Newly released bodycam video shows moment Tacoma officer shot armed man in late-August

TACOMA, Wash. — Newly released body camera video shows the chaos in the moments before a Tacoma police officer shot and killed an armed man.

The shooting happened nearly a month ago in the 6700 block of South Madison Street in Tacoma.

Peter Tyler Collins was shot and killed during a 16-minute shootout with Tacoma police back on Aug. 28.

We showed the video to some neighbors who were there when it happened.

Watching the video seemed to bring it all back for them — the fear and the uncertainty of what would happen next.

What sounded like a gun battle ended here with a man shot dead.

The video begins with images from a neighbor’s Ring camera.

We hear Peter Collins demanding that Tacoma police officers stop following him as he retreats into his home. Officers had concluded by then that he had already committed fourth-degree assault against a relative.

The next time they saw him, he was out back.

“Let me see your hands, man,” an officer yells at Collins. “Do not get in the car, man.”

“What?” Collins replies.

“Do not get in the car,” the officer yells.

Then, gunfire erupts.

“Shots fired,” officers shout. “Shots fired! Shots fired!”

Kimberly Lott watched the video. She had hunkered down inside her apartment when the shootout happened.

“So, it’s really all him shooting,” she said.

Lott remembers the terror she and her neighbors felt.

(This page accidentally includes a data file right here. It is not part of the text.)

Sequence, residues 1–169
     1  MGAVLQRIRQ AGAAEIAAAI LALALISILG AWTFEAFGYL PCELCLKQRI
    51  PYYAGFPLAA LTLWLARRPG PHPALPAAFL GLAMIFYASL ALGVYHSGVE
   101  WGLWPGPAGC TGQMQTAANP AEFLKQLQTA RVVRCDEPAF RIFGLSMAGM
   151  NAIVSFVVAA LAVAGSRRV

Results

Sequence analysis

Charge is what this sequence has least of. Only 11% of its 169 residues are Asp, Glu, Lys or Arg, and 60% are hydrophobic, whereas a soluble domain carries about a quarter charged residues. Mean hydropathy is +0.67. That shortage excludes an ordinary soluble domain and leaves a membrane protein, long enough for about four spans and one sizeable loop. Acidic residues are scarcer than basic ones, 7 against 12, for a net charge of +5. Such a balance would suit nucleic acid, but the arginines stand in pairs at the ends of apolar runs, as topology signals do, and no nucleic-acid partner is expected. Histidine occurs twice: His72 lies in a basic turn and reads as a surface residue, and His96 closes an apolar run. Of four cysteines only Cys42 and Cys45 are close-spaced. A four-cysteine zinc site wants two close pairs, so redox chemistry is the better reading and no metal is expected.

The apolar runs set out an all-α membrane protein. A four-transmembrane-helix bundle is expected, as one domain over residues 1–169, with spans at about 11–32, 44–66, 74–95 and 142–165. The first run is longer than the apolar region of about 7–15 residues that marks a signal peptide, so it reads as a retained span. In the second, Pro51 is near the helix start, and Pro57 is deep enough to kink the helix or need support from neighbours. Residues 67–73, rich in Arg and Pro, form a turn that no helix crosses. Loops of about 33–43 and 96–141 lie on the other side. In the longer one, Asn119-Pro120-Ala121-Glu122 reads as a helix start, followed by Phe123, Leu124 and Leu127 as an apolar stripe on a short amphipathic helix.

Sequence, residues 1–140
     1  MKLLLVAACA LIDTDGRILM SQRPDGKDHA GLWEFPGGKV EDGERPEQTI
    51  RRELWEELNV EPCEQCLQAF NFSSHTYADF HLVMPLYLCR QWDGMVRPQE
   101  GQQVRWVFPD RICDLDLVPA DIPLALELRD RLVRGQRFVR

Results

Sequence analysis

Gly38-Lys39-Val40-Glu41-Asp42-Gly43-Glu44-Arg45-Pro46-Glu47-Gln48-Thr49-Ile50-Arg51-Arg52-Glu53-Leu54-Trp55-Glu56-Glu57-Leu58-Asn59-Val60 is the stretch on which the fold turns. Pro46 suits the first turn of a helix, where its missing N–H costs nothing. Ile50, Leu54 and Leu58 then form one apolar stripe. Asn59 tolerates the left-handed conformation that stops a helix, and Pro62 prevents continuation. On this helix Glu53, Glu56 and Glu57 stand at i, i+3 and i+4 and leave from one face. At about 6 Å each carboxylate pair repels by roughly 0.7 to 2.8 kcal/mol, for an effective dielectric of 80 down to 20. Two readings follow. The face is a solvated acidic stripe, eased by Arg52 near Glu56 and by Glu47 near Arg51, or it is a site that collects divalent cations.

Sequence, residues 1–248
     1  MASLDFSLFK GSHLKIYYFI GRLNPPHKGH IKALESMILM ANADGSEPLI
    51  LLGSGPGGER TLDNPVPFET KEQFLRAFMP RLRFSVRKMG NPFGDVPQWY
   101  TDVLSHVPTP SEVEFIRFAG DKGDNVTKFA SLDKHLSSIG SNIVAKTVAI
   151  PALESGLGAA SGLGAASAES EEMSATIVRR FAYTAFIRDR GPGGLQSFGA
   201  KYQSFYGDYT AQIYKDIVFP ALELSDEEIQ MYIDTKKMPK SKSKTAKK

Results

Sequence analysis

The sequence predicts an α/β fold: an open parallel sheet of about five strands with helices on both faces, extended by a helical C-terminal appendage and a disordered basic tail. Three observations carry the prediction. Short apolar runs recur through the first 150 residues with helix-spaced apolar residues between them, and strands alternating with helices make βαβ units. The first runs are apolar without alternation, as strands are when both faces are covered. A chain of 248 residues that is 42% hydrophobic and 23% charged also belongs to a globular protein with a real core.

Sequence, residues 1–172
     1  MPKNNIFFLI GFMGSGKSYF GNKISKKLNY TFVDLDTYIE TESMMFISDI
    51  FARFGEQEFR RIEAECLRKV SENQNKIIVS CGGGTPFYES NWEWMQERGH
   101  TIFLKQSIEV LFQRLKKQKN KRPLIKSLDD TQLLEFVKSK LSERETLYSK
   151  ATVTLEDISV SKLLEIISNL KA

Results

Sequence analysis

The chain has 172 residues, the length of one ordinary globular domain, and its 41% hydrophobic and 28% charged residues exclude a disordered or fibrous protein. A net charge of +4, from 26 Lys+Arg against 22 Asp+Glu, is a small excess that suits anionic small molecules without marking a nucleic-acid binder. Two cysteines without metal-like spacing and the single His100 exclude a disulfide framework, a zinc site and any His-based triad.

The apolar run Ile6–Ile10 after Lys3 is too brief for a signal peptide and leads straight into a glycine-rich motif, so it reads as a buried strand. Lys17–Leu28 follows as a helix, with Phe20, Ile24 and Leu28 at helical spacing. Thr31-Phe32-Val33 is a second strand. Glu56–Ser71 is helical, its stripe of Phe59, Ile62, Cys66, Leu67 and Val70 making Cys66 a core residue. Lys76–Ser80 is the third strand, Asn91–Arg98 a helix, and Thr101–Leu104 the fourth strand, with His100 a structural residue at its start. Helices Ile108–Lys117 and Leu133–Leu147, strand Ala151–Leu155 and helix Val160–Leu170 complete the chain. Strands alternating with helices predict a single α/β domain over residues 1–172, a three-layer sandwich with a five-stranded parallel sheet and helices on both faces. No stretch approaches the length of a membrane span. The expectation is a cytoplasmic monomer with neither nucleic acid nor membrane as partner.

“It’s just really crazy that somebody that’s mentally unstable can even have like those type of guns,” she said.

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The Pierce County Force Investigation Team released the video as part of its ongoing investigation into the shooting. Investigators concluded Collins fired off 15 rounds, while Tacoma police officers returned nine rounds, all of them over a 16-minute period.

The last shot came from a TPD officer, identified as Christopher Munn, who fired his weapon 183 yards away.

“Okay, he reloaded,” an officer shouts. “Are those shots coming from the outside?”

Then one shot. “Shots fired! Suspect’s down,” Munn says.

When officers made their way over to Collins, they confirmed he was no longer a threat, with his weapons laying nearby.

It was the end of what another neighbor described with just one word.

“Chaos,” he said. “Total chaos.”

Investigators said Collins was wounded twice, once by Munn and by a self-inflicted gunshot.

The neighbors whom we talked to had very different opinions about what the police did.

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